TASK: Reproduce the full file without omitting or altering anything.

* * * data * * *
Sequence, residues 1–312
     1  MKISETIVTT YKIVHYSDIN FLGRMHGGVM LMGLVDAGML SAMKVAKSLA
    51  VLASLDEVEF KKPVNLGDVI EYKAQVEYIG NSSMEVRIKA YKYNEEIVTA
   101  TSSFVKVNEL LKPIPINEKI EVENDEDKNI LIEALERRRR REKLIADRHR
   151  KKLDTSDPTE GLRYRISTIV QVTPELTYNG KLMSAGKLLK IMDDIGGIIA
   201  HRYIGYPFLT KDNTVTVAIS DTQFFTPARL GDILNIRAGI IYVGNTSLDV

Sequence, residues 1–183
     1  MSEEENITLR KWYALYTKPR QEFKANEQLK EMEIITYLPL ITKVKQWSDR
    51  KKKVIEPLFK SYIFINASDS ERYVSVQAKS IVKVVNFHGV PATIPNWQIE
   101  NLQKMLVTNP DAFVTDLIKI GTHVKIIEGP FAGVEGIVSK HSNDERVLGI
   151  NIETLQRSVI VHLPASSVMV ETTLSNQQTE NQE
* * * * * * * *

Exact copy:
Sequence, residues 1–312
     1  MKISETIVTT YKIVHYSDIN FLGRMHGGVM LMGLVDAGML SAMKVAKSLA
    51  VLASLDEVEF KKPVNLGDVI EYKAQVEYIG NSSMEVRIKA YKYNEEIVTA
   101  TSSFVKVNEL LKPIPINEKI EVENDEDKNI LIEALERRRR REKLIADRHR
   151  KKLDTSDPTE GLRYRISTIV QVTPELTYNG KLMSAGKLLK IMDDIGGIIA
   201  HRYIGYPFLT KDNTVTVAIS DTQFFTPARL GDILNIRAGI IYVGNTSLDV

Sequence, residues 1–183
     1  MSEEENITLR KWYALYTKPR QEFKANEQLK EMEIITYLPL ITKVKQWSDR
    51  KKKVIEPLFK SYIFINASDS ERYVSVQAKS IVKVVNFHGV PATIPNWQIE
   101  NLQKMLVTNP DAFVTDLIKI GTHVKIIEGP FAGVEGIVSK HSNDERVLGI
   151  NIETLQRSVI VHLPASSVMV ETTLSNQQTE NQE